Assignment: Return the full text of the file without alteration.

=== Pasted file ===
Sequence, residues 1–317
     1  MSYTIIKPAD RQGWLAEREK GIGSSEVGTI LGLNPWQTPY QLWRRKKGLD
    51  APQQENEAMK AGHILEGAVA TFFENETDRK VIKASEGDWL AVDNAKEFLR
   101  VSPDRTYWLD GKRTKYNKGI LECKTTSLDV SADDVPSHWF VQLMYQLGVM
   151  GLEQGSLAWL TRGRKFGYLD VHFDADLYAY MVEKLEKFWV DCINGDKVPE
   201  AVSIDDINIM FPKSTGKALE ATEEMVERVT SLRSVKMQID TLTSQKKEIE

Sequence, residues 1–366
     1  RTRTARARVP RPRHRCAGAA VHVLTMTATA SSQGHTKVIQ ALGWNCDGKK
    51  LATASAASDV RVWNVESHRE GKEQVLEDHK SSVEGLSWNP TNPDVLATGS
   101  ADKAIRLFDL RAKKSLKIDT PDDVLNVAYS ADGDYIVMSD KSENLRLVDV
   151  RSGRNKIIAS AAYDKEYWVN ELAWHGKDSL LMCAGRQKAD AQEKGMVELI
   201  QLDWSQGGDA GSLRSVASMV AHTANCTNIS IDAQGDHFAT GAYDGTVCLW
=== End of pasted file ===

Sequence, residues 1–317
     1  MSYTIIKPAD RQGWLAEREK GIGSSEVGTI LGLNPWQTPY QLWRRKKGLD
    51  APQQENEAMK AGHILEGAVA TFFENETDRK VIKASEGDWL AVDNAKEFLR
   101  VSPDRTYWLD GKRTKYNKGI LECKTTSLDV SADDVPSHWF VQLMYQLGVM
   151  GLEQGSLAWL TRGRKFGYLD VHFDADLYAY MVEKLEKFWV DCINGDKVPE
   201  AVSIDDINIM FPKSTGKALE ATEEMVERVT SLRSVKMQID TLTSQKKEIE

Sequence, residues 1–366
     1  RTRTARARVP RPRHRCAGAA VHVLTMTATA SSQGHTKVIQ ALGWNCDGKK
    51  LATASAASDV RVWNVESHRE GKEQVLEDHK SSVEGLSWNP TNPDVLATGS
   101  ADKAIRLFDL RAKKSLKIDT PDDVLNVAYS ADGDYIVMSD KSENLRLVDV
   151  RSGRNKIIAS AAYDKEYWVN ELAWHGKDSL LMCAGRQKAD AQEKGMVELI
   201  QLDWSQGGDA GSLRSVASMV AHTANCTNIS IDAQGDHFAT GAYDGTVCLW